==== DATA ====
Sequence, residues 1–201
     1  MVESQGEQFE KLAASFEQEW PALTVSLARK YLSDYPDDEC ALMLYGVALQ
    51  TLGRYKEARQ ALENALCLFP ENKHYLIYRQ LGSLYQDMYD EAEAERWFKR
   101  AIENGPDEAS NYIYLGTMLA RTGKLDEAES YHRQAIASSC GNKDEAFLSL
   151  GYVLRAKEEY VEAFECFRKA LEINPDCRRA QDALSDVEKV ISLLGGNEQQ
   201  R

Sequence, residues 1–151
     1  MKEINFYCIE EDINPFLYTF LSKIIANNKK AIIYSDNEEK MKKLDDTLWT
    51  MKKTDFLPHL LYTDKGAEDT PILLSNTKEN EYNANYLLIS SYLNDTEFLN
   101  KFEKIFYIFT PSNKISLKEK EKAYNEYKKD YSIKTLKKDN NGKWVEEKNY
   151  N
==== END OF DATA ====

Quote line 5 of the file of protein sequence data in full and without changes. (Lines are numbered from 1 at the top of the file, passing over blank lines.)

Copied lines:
   151  GYVLRAKEEY VEAFECFRKA LEINPDCRRA QDALSDVEKV ISLLGGNEQQ